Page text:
John Harper of the New York Daily News, after talking about how Bartolo Colon and the Angels stymied Alex Rodriguez in the 2005 playoffs by pitching him inside, passes along the Angels’ top-secret plan to contain A-Rod this year:
As a scout from a different AL team said yesterday: “The book on (A-Rod) hasn’t changed over the years. You need to come inside hard, above the hands. That’s where his hole (in his swing) is. If you get his attention in there, then you have a better chance of getting him to chase breaking stuff away.”
I’m reminded of the famous passage in “Ball Four” where Jim Bouton observes that almost every single scouting report for every single hitter is “smoke ’em inside and then get him to chase something away.”
Seems to me that the key thing here isn’t a scouting report, it’s the ability to execute it. A-Rod may have a hole in his swing, but based on his career numbers, not too many people have been able to find it.
Former Red Sox right-hander Nathan Eovaldi is up for grabs this offseason, and Nick Cafardo of the Boston Globe says that as many as nine suitors are interested in bringing the righty aboard. While the Red Sox are eager to retain Eovaldi’s services after his lights-out performance during their recent postseason run, they’ll have to contend with the Brewers, Phillies, Braves, White Sox, Padres, Blue Jays, Giants, and Angels — all of whom are reportedly positioned to offer something for the starter this winter.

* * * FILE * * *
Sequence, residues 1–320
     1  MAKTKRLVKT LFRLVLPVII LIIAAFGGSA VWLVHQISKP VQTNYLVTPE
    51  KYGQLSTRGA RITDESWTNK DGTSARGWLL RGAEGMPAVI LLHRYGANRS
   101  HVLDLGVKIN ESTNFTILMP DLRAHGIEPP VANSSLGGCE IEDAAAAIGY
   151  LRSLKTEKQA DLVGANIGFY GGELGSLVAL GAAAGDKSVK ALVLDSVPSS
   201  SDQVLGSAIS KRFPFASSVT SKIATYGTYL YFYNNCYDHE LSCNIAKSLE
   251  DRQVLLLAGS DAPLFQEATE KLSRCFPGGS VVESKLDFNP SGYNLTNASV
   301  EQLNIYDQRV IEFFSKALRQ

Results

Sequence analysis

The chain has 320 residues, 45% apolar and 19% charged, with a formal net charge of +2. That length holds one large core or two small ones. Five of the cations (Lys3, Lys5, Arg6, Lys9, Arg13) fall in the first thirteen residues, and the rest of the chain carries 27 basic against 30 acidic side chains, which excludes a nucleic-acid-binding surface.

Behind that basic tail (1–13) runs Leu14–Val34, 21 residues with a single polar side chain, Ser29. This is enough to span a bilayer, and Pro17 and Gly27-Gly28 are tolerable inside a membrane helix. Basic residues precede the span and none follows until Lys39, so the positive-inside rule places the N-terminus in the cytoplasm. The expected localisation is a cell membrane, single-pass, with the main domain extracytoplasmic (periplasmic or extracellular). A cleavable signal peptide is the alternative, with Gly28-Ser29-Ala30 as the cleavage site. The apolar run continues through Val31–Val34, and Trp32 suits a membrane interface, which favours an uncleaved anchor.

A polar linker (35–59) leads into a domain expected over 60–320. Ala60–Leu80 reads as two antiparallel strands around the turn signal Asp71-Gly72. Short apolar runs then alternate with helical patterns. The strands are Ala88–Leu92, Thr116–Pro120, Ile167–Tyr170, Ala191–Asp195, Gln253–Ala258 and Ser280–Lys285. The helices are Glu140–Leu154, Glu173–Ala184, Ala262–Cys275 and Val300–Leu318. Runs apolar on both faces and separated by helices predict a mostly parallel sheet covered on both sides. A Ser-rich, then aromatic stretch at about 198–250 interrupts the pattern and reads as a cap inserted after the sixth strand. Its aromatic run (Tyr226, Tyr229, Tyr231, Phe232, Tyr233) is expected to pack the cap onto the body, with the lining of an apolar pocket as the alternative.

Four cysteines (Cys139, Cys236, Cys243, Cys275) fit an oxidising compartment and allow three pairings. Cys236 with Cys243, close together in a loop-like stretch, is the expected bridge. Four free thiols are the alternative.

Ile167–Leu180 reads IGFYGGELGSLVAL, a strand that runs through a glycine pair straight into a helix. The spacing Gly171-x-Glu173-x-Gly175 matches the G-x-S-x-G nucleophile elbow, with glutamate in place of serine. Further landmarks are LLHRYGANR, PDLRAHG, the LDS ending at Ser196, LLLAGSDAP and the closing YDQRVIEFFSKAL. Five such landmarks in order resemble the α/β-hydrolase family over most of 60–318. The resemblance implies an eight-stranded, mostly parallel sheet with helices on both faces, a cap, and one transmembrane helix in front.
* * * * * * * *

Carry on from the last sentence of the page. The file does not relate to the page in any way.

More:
It wasn’t all smooth sailing for the 28-year-old in 2018, however. After losing his 2017 season to Tommy John surgery, he underwent an additional procedure to remove loose bodies from his right elbow in March and didn’t make his first appearance until the end of May. He was flipped for lefty reliever Jalen Beeks just prior to the trade deadline and finished his season with a combined 6-7 record in 21 starts, a 3.81 ERA, 1.6 BB/9, and 8.2 SO/9 through 111 innings.
Despite his numerous health issues over the last few years, Eovaldi raised his stock in October after becoming a major contributor during the Red Sox’ championship run. He contributed two quality starts in the ALDS and ALCS and returned in Games 1-3 of the World Series with three lights-out performances in relief — including a six-inning effort in the 18-inning marathon that was Game 3.
A frontrunner has yet to emerge for the righty this offseason, but Cafardo points out that the nine teams listed so far might just be the tip of the iceberg. Still, he won’t be the most sought-after starter on the market, as former Diamondbacks southpaw Patrick Corbin is expected to command an even bigger payday following his career-best 6.0-fWAR performance in 2018.